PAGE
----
Tuesday, October 6, 2015

Dutch Treat: 1978 Batavus Regency Moped

As an urban hipster with a beard, you are probably spending most of your income on your post-industrial loft in an up and coming neighborhood.  When you need to get around you use your smartphone and Uber a ride.  But when the guy shows up in a Prius, it kills your cool.  A motorcycle or scooter would be cool and go with that leather biker jacket, but you need an endorsement to ride it.  How about a mo-ped?  It blends motorcycle cool with bicycle street cred and you can ride it without a special license if it's under 50cc's. Plus, since you are primarily urban, you don't need to go over 30 mph anyway.  Find this 1978 Batavus Regency Moped for sale on eBay a starting bid of $500 and 1 day to go.

Batavus got its start in Holland selling clocks and farm machinery in 1904.  They began manufacturing bicycles around 10 years later.   They manufactured their first moped in 1948.  In the 1970's they were acquired by the Dutch Laura group and began using Laura engines in their mopeds. This Regency HS was one of Batavus' top of the line models powered by the 48cc Laura M56 two stroke engine and puts out a ripping 2.4 hp at 7,000 rpm.  With a long enough straight, you might be able to hit 35 mph. This Laura M56 Torque-o-matic is said to run with a recent service and a brand new NGK spark plug.  The aluminum head looks pretty crusty to me for a bike parked inside for 20 years.

This Regency is a HS top tank model with the 3 gallon horizontal tank. Unlike contemporary two stroke motorcycles, it doesn't have oil injection so you will need to pre-mix.  Luckily Batavus put a sticker on the tank to remind you.  I guess you'll have to keep a jerry can in your loft.  With the 3 gallon tank and published figures of 150mpg you can go 450 miles before you have to mix.  You could also get a step through model with a smaller, vertical tank, but it looks like a girl's bike.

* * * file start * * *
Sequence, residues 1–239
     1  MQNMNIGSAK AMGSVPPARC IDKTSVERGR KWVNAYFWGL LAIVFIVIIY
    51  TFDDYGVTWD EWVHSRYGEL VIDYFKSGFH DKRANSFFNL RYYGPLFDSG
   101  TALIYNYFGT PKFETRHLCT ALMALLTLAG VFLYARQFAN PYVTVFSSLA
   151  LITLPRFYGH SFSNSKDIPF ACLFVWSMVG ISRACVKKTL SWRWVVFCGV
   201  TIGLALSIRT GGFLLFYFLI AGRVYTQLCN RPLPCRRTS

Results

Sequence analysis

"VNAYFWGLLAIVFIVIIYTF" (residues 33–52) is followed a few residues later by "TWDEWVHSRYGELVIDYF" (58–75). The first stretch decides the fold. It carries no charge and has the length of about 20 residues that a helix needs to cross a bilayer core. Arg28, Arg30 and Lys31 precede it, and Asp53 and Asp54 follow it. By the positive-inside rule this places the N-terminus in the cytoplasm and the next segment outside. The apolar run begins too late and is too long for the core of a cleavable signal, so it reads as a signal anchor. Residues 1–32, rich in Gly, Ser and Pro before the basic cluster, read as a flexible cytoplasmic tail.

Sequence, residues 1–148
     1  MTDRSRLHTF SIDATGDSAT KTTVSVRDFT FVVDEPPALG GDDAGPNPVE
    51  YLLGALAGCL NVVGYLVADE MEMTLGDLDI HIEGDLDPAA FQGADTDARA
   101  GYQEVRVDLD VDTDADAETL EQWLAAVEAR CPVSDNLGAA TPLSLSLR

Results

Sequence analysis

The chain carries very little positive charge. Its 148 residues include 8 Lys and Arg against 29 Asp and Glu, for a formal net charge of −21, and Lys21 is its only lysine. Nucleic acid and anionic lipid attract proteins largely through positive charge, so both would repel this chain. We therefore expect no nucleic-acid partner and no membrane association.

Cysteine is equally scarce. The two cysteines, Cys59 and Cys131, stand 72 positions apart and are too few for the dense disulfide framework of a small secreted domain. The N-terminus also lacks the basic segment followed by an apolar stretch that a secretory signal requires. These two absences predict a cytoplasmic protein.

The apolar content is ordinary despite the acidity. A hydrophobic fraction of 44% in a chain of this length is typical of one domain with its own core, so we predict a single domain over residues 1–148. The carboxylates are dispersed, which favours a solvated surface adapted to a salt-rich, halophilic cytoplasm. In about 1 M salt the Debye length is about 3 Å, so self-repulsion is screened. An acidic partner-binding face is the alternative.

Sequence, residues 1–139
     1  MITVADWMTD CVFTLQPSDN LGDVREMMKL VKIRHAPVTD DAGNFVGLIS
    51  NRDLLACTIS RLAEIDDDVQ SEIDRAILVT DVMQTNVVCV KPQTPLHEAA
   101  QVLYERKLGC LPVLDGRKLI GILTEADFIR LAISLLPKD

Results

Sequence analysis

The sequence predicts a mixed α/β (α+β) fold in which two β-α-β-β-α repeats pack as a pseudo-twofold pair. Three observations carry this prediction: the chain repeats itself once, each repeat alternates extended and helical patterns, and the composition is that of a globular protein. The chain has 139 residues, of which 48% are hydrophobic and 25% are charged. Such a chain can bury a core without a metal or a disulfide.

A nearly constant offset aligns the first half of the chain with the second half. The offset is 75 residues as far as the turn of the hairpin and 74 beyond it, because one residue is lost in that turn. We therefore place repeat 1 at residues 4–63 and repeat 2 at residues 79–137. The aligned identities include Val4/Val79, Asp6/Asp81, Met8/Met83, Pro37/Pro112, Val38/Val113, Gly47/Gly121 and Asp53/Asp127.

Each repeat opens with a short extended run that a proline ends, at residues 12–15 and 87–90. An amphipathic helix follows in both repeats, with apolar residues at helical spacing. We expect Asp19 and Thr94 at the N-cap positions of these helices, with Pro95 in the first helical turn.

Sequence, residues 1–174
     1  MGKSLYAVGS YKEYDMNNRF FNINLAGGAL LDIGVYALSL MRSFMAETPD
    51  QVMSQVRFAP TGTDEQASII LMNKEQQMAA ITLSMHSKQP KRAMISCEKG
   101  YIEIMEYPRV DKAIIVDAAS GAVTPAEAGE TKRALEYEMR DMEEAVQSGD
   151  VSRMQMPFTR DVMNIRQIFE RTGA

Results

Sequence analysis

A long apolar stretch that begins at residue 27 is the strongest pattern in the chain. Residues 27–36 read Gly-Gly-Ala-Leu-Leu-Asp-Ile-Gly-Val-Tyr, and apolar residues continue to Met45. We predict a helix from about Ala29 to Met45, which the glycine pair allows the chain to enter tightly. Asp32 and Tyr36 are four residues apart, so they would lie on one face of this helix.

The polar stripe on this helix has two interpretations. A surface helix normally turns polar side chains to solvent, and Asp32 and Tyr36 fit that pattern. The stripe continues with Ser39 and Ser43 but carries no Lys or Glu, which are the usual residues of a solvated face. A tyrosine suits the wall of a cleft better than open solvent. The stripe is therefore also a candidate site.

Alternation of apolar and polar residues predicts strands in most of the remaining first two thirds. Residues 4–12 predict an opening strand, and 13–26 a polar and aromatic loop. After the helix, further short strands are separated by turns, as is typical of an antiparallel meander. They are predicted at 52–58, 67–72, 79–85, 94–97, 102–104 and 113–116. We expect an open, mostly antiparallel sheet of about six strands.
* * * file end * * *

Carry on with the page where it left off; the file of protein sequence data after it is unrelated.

This bike ped has been customized with add on side baskets that look like they came from a french fryer at the local 5 Guys, turn signals and some rear rack that looks like it should have towels hanging from it.  As with almost all old oddball two wheelers, it comes with a temporary registration, so the title is in doubt.

See a better way to buzz around your gentrifying neighborhood? Email us here: tips@dailyturismo.com

Gianni is Daily Turismo's Pacific Northwest correspondent and resident two stroke fan and is sure that college kids didn't engineer the NA.  


  1. Those turn signals seem well placed.

    I have an old Vespa like thing with about a 1 gallon tank, I fill it about once a year, with this I could go a couple of years between fill ups.

  2. 2.4 HP but...when push comes to shove (and it will if you own this thing if my past Vespa experience is any indication) a horse will go uphill with you on it, and this won't.

  3. When I'm not driving (my 190E 2.3-16 or E39 525iT), I'm riding one like this. Here's mine--a 1980 Peugeot TSM--pretty heavily modified.


  4. Let's put a game plan together here gentlemen. Here is what I suggest:

    1) Watch Diva - This 1981 French thriller does for mopeds what Quadraphenia did for Vespas & Lambrettas.
    2) Edit - Remove the baskets, rack, turn signals & other non-essential crap.
    3) Revise - Let's see, some sticky tires, high-performance clutch, straight bars, oversize piston, expansion chamber and new jets. Maybe we ditch the pedals and put on pegs and add a new chain and rear sprocket.
    4) Dutch Flag or Football Team Sticker - Owners choice. Throw down some subtle, nationalistic jingo on this bad boy to make certain know it's from the land of dykes, ships, legal marijuana and sex tourism.

    And Viola! You have a ride for the ages. Now let's get started!


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